Our choices in the voting booth over the next 10 years will depend on the district lines that are drawn.
Redistricting is the process of drawing boundaries for electoral and political districts in the U.S. and is usually done every ten years after the census. The last U.S. census took place in 2020 and all states must adjust their voting districts to align with changes in population. The U.S. Constitution requires each Representative in Congress represent an equal number of citizens and mandates a census to determine the number of citizens and apportion seats to each state.
Q: What is apportionment and when did it occur?
A: In April, the Census Bureau reallocated the US House of Representatives seats between states. Certain states gained a seat, meaning that they have an additional vote in the US House of Representatives, while other states lost a seat. Texas is the only state to gain two seats.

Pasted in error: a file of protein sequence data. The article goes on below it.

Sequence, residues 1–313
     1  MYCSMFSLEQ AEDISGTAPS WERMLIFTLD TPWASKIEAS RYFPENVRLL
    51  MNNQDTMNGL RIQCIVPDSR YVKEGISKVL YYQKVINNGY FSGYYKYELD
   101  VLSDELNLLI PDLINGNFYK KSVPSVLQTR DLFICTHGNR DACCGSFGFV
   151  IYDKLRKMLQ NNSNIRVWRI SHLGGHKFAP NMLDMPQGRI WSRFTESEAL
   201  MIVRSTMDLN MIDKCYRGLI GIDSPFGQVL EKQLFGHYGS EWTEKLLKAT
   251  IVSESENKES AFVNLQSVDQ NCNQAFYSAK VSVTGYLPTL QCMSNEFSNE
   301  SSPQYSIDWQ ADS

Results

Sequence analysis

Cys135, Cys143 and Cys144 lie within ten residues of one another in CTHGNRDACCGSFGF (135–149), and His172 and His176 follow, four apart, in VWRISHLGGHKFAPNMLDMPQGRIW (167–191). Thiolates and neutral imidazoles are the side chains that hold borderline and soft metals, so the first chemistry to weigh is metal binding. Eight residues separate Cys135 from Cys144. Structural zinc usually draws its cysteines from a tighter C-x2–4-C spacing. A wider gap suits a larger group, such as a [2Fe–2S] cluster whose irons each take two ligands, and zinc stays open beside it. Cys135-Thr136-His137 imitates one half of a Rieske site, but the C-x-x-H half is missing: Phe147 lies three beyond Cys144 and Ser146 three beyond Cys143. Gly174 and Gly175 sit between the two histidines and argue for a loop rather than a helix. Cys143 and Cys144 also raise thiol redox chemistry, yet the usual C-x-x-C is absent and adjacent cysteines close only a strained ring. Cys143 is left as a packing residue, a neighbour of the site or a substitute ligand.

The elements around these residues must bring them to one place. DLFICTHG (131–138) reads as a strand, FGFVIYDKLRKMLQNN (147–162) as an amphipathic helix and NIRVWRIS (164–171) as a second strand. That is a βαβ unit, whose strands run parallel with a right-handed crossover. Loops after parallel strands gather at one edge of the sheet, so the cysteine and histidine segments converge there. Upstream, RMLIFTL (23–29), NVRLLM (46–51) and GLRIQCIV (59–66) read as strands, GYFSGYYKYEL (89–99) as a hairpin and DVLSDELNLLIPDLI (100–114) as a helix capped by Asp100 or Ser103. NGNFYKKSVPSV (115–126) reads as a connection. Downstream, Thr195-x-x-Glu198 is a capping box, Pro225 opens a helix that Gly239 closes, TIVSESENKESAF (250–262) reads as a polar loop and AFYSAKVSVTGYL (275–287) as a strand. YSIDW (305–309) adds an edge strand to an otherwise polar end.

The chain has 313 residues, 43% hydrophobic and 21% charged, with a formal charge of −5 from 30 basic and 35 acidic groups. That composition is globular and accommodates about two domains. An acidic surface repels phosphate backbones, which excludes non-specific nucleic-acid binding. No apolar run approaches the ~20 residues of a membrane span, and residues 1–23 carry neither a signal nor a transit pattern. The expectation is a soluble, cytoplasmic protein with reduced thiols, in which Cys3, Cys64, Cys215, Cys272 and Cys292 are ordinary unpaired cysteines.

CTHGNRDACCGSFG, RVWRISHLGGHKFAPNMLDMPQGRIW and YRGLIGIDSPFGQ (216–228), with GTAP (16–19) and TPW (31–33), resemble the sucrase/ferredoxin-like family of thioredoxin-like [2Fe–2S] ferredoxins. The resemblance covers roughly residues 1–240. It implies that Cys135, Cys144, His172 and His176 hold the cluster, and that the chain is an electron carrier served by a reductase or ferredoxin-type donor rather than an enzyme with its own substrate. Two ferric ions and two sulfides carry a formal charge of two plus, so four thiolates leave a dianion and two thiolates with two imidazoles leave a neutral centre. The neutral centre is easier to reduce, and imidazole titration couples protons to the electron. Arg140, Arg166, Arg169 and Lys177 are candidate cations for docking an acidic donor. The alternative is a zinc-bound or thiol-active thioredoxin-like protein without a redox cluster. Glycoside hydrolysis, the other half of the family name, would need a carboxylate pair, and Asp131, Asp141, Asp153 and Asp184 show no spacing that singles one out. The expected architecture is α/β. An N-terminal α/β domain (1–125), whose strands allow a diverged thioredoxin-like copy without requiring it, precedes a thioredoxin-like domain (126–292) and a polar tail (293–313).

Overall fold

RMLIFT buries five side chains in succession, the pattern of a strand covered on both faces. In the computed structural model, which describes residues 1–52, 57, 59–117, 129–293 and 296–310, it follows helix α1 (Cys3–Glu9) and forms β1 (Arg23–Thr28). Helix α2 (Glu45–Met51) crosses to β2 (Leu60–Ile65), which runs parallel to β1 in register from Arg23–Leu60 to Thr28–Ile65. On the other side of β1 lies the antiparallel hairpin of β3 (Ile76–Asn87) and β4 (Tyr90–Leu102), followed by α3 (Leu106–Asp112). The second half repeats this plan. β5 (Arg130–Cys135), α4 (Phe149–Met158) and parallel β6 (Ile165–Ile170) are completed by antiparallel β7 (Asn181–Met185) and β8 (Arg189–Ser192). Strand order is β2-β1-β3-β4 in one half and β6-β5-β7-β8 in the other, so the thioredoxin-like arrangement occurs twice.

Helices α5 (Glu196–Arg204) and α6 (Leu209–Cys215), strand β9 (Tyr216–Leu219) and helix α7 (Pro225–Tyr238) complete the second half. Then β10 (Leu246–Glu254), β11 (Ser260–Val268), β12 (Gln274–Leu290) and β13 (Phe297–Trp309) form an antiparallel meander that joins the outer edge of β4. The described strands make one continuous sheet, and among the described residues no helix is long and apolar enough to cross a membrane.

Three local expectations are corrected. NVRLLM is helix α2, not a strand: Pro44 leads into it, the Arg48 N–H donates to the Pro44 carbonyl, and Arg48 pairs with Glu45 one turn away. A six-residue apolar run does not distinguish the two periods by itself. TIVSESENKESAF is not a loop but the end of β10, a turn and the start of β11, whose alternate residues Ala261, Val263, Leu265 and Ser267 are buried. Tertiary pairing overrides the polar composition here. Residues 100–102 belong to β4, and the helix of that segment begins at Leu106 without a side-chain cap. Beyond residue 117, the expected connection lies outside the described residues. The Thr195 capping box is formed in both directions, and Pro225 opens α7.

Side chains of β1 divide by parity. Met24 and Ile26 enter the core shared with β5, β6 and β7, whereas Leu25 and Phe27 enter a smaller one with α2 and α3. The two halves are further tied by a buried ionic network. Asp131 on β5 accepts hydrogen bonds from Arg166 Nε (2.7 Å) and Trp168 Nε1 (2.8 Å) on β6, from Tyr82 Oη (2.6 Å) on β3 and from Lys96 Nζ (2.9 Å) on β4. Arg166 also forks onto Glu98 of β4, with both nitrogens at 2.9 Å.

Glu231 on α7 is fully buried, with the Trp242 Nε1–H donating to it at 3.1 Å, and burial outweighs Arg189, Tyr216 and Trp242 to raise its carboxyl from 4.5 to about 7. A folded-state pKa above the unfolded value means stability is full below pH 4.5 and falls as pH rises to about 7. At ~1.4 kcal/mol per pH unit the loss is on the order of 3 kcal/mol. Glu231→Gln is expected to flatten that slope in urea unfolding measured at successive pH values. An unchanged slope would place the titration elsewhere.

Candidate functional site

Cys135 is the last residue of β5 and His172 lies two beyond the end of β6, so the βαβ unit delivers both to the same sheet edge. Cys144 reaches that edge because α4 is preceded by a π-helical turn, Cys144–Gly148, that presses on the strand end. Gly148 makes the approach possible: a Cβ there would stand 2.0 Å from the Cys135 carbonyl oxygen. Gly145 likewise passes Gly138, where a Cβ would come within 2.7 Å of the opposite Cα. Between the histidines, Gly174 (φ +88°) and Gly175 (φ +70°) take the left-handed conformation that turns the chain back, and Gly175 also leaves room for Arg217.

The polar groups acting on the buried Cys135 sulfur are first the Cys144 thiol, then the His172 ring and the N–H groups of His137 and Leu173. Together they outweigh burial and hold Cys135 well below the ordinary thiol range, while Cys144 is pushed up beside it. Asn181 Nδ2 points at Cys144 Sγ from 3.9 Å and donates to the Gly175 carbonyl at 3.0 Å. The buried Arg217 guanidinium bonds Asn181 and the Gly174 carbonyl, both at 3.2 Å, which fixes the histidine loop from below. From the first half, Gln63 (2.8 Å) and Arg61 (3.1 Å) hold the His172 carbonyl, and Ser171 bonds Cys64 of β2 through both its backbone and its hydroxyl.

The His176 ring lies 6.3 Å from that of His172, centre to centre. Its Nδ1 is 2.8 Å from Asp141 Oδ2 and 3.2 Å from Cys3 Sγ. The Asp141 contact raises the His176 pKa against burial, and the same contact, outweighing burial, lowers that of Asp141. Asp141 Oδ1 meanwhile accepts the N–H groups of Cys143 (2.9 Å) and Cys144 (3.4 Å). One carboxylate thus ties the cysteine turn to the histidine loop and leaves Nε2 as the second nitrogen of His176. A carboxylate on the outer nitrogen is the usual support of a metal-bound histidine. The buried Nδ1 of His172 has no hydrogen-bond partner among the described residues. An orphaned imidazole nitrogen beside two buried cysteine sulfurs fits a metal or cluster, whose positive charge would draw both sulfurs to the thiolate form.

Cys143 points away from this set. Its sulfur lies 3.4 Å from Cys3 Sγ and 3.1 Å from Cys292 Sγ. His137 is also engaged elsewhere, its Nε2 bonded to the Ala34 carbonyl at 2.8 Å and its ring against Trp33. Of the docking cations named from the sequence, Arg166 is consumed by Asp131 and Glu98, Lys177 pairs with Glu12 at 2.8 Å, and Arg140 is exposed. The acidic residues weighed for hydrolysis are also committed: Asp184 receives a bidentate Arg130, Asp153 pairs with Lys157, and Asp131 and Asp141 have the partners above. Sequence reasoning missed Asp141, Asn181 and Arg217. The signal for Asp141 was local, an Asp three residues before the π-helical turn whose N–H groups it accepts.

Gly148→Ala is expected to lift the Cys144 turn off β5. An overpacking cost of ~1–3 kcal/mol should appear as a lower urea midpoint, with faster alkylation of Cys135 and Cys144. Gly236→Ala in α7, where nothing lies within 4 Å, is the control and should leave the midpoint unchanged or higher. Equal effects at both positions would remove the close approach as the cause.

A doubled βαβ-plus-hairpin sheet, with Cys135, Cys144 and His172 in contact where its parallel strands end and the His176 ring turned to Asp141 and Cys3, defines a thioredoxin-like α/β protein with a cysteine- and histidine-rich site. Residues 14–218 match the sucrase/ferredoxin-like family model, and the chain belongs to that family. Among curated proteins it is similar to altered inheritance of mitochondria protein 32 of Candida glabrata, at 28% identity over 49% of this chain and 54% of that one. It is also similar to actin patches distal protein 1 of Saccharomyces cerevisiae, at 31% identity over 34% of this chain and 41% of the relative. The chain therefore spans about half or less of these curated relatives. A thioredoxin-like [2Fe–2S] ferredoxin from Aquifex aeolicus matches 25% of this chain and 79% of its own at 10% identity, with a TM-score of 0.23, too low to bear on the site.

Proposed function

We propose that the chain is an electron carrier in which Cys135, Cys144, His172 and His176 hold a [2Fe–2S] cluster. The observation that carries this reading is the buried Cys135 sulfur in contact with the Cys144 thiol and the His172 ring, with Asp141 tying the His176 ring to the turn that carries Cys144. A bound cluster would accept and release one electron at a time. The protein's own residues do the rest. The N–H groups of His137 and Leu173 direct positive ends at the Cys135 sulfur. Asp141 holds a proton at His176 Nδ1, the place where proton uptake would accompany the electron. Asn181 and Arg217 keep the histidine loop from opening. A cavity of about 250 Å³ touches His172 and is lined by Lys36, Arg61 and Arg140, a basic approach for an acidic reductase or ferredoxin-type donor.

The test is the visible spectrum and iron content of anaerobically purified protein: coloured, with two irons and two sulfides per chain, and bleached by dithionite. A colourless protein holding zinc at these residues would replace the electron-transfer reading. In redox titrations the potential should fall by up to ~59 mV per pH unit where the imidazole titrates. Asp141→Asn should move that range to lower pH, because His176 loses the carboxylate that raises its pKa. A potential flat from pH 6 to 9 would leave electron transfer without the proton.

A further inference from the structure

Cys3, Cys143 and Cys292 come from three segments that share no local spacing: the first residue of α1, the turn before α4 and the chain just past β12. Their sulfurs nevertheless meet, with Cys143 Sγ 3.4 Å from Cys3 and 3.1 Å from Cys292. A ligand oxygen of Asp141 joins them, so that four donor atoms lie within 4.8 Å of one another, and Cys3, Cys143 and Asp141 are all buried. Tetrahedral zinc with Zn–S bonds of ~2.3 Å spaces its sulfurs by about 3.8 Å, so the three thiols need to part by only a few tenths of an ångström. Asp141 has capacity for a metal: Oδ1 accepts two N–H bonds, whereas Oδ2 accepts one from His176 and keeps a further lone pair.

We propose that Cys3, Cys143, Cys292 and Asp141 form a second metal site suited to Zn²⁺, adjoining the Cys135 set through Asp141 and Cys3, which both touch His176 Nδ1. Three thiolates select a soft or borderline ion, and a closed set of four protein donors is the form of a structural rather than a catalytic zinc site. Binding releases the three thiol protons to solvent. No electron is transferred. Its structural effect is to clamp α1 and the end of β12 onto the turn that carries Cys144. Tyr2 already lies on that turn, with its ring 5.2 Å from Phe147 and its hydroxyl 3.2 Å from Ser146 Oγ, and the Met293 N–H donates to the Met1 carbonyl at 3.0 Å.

Q: What is redistricting?
A: Redistricting is completed by the state legislature. State lawmakers the boundaries for everything from federal House Districts to local School Districts.
Q: When will redistricting begin?
A: Technically, the Census Bureau will provide the local population counts from the 2020 Census to the states by mid August. Then, the state legislature will draw the boundaries with public input.
Q: How can I learn more about redistricting?
A: We have compiled resources for you:
- Check out our WIL Listen Podcast Miniseries on Redistricting
- Read the Nuts & Bolts of Redistricting
- Watch the LWV Good Governance Symposium on Redistricting
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